In its recently released report, “ACMG Recommendations for Reporting of Incidental Findings in Clinical Exome and Genome Sequencing,” the American College of Medical Genetics and Genomics (ACMG) created a set of recommendations addressing incidental findings and a minimum list of conditions, genes, and variants that are recommended to be returned whenever clinical sequencing is performed. The ACMG recommended that, for the conditions on the list, the laboratory should return the incidental findings to the doctor ordering the sequencing, and those doctors should manage this information with the patient in the context of that patient’s clinical presentation and family history. This document, “Points to Consider for Informed Consent for Genome/Exome Sequencing,” focuses on the need for and content of the informed consent that should be obtained before clinical applications of genome sequencing and exome sequencing (GS/ES) for germ-line testing.
GS/ES are rapidly transitioning into clinical practice. Initial applications include testing based on clinical indications that permit the targeting of specific and multiple genes/variants. Consent issues for such applications differ little from those already in use in genetics. However, many unique issues arise when testing platforms are used that provide information that extends beyond the specific genes of interest.1 These include issues of informed consent that are the focus of this “points to consider” document.
The types of information derived from genome sequencing will be both health (current and future) and non–health related. In addition to information specific to clinical indications for testing on a GS/ES platform, they include: gene-variant carrier status that may have implications for reproductive decision making; information about disease susceptibility or predisposition; information about ancestry, which is currently mostly informational but that may in time have clinical utility; and diagnosis of unsuspected disorders. Some phenotypes may allow narrow targeting, and others (e.g., intellectual disability or autism spectrum disorder) may leave the majority of the exome open for testing. Current technologies are being applied in both the postnatal and prenatal settings as well as to somatic and germ-line conditions. In some cases, incidental findings can be as important to a family as they are to the individual.
The following are recommendations regarding the informed consent that should be obtained before clinical applications of GS/ES for germ-line testing. Particular focus is placed on situations in which the laboratory and physician may be presented with information apparently unrelated to genes known to be associated with the phenotype that led to testing. These points reiterate some prior ACMG positions on this topic.
Before initiating GS/ES, counseling should be performed by a medical geneticist or an affiliated genetic counselor and should include written documentation of consent from the patient.
Incidental/secondary findings revealed in either children or adults may have high clinical significance for which interventions exist to prevent or ameliorate disease severity. Patients should be informed of this possibility as a part of the informed consent process.
Pretest counseling should include a discussion of the expected outcomes of testing, the likelihood and type of incidental results that may be generated, and the types of results that will or will not be returned. Patients should know if and what type of incidental findings may be returned to their referring physician by the laboratory performing the test.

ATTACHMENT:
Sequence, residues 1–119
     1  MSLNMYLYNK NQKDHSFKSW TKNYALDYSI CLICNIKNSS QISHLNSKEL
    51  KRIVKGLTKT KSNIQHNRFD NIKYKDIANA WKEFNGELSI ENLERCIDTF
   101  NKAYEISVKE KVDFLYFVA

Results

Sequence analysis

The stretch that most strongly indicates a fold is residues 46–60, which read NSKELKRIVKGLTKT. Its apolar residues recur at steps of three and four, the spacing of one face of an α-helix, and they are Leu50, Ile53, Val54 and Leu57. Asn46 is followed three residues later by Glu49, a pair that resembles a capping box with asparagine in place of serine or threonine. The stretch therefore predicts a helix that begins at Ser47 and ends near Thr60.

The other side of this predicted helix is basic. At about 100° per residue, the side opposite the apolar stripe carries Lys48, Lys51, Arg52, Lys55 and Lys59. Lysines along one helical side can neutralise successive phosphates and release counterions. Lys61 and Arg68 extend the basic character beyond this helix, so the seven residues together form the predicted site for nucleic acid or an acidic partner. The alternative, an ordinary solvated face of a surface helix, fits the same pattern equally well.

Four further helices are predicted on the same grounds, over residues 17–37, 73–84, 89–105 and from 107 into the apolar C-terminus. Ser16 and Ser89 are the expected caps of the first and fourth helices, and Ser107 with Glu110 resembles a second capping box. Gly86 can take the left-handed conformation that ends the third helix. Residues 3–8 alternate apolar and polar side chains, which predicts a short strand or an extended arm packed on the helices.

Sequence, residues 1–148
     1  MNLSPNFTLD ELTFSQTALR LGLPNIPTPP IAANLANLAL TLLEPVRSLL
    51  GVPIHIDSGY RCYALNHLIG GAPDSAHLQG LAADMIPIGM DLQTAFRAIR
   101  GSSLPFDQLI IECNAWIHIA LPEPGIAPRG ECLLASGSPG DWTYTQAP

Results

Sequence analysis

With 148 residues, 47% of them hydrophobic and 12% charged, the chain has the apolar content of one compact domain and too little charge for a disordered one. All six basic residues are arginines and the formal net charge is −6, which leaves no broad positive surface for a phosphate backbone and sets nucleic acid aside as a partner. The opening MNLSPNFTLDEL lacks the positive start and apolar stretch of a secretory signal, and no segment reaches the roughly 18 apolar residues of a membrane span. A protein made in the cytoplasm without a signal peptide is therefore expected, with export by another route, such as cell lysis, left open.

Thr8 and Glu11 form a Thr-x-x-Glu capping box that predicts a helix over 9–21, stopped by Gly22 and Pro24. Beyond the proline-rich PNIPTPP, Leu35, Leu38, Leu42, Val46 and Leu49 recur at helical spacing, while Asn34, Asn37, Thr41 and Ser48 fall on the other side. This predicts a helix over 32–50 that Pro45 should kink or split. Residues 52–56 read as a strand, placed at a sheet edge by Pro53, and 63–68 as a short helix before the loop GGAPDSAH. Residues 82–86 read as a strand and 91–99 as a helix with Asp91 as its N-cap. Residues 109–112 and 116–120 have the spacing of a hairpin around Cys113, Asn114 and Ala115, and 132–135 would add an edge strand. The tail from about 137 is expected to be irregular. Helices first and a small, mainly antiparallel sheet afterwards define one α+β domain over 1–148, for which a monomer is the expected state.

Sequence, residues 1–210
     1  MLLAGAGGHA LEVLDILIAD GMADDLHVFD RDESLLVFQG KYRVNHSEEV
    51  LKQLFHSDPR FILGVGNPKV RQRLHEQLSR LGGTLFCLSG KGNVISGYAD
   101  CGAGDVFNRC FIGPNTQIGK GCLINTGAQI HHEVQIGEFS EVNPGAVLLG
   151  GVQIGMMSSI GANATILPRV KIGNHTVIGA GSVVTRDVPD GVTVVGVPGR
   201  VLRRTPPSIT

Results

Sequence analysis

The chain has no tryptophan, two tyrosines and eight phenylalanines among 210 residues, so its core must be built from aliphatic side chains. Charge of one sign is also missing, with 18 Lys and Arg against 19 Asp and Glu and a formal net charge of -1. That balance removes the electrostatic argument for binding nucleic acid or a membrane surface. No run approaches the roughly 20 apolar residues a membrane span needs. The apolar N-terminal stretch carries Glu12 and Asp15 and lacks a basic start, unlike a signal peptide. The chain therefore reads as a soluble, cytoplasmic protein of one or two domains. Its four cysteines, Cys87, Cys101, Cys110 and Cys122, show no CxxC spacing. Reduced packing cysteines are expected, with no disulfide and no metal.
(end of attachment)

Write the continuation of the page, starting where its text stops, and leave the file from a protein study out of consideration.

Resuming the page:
Patients should be counseled regarding the potential benefits and risks of GS/ES, the limitations of such testing, potential implications for family members, and alternatives to such testing.
GS/ES is not recommended before the legal age of majority except for:
Phenotype-driven clinical diagnostic uses;
Circumstances in which early monitoring or interventions are available and effective; or
Institutional review board–approved research.
As part of the pretest counseling, a clear distinction should be made between clinical and research-based testing.
Patients should be informed as to whether individually identifiable results may be provided to databases, and they should be permitted to opt out of such disclosure.
Patients should be informed of policies regarding re-contact of referring physicians as new knowledge is gained about the significance of particular results.
These points to consider were designed primarily as an educational resource for clinical geneticists and genetic counselors to help them provide quality clinical genetic services. Adherence to these points to consider is completely voluntary and does not necessarily ensure a successful clinical outcome. These points to consider should not be considered inclusive of all proper procedures or exclusive of other procedures that are reasonably directed to obtaining the same results. In determining the propriety of any specific procedure, the clinician should apply his or her own professional judgment to the specific clinical circumstances presented by the individual patient or specimen.
Clinicians are encouraged to document the reasons for the use of a particular procedure, whether or not it is in conformance with these points to consider. Clinicians also are advised to take notice of the date this guideline was adopted and to consider other medical and scientific information that becomes available after that date.
ACMG Board of Directors. Points to consider in the clinical application of whole-genome sequencing. Genet Med 2012;14:759–761.
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ACMG Board of Directors. Points to consider for informed consent for genome/exome sequencing. Genet Med 15, 748–749 (2013). https://doi.org/10.1038/gim.2013.94
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